"The Night Garden"
(Reviewed by Jana L. Perskie SEP 5, 2005)
"The sky has gone from pink to dark blue, and the glowing arc of the moon was rising over the East Bay hills. Harlan turned on the tiny white lights that he'd strung across the fence. He stood with his back to the corner of the yard and looked at his friends and family. 'Thanks for coming, everyone. I really wanted you to see this.' Harlan lifted the fiberglass screens off their chains. The fence was a deep blanket of green leaves and bell-shaped flowers the color of the moon. As everyone watched, the green rocket blossom of the night-blooming cereus came alive. In one smooth languorous motion the outside leaves curled back on themselves, pushing the layers of white petals outward into a star-burst of white angel wings. Jewel squealed as a snowy spider shape fell from the center of the bloom and dangled on a two-inch tendril."
"'What is that?' Dawn asked, her voice full of amazement.
'A night-blooming cereus. It blooms for one night only.'
The flower exhaled a cloud of scent - notes of jasmine, honeysuckle and vanilla hung in the air."
In her new novel, Night Garden, author Pamela Holm captures the ephemeral nature of relationships, and the multitude of emotions ignited when a partnership/romance ends. This is a quirky tale of people whose lives are in flux, and who are able to handle their changed status creatively. The essential element, common to all, is a strong sense of self on which to fall back. These characters are survivors.
Dawn Mackenzie and her nine year-old daughter, Jewel, have moved into a new house, "painted an awkward blue of a Mexican bakery with straggling bougainvillea that arches over the front door." The best feature is the deck which looks over the rooftops to the San Francisco Bay. Dawn chose this particular house because it has a downstairs studio apartment she can rent out to help with expenses. The back yard is in shambles but she has plans to begin a garden with Jewel, who wants her own scent garden, "In case one of us goes blind." The child is delightfully morbid throughout.
Dawn and Jewel had lived with David, their boyfriend/father figure, for five years. An overpowering, larger than life man, he began to stifle Dawn until she really needed her own space to thrive. She and her daughter are adjusting to the newness of living on their own, after the comparative luxury of David's place, and his home cooking. Ironically, Dawn works as an exterminator, by day, killing vermin. At night, however, she draws them. She was trained in technical drawing and she aspires to become a full time illustrator of insects. One of her new projects is to put together a portfolio.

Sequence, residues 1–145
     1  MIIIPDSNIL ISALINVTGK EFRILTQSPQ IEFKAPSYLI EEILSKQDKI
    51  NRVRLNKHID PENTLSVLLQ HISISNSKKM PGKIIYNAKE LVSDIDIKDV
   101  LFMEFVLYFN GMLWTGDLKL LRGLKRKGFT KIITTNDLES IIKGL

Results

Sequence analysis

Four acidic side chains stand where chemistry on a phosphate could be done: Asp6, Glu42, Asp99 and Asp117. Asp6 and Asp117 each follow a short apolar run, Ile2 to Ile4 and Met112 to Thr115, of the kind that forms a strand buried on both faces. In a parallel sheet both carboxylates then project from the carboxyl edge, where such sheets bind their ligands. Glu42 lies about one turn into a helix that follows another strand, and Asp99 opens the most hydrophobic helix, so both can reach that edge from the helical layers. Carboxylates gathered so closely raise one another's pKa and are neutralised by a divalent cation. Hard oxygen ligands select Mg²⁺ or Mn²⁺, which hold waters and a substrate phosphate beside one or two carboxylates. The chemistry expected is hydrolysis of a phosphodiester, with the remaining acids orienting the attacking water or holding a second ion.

Harlan, a documentary filmmaker, responds to Dawn Mackenzie's "Apartment for Rent" notice. He becomes the new tenant, occupying the studio space and sharing a common roof. Harlan had been happily married for years, but his wife's obsession with having a child, to the detriment of all else, distanced the two considerably. On a night out, Harlan picked up Sophia at a club. She is a beautiful exotic dancer. He thinks he's in love. Oh, how a little lust can affect one's thought processes! After confessing all to spouse, Macie, she threw him out. Thus the need for new digs.
Over a period, Dawn, Jewel, and Harlan become good friends. When Dawn cannot sleep at night, she goes out to work in her garden in the dark. Harlan often comes to help out and keep her company. The garden becomes a special sanctuary for all of them. Harlan's business partner enters the picture when he becomes smitten with Dawn.
Ms. Holm writes a straightforward, fluid narrative, although the pace is slow at times. Her characters are credible and she juggles various storylines with ease. Although she makes some perceptive observations about the nature of love and lust, decision making and the inevitable consequences, the plot is somewhat predictable. Holm obviously loves her city and her descriptions of San Francisco during all the year's seasons are quite beautiful. Overall, this is a charming, often humorous, story and makes for an entertaining read.
- Amazon readers rating: from 5 reviews
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Bibliography: (with links to Amazon.com)
- The Night Garden (May 2005)
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About the Author:
Pamela Holm is a freelance artist living in San Francisco. She has written a myriad of essays that have been published in a variety of newspapers and magazines including Image Magazine, SOMA, San Francisco Magazine, the San Francisco Chronicle, and the Denver Post.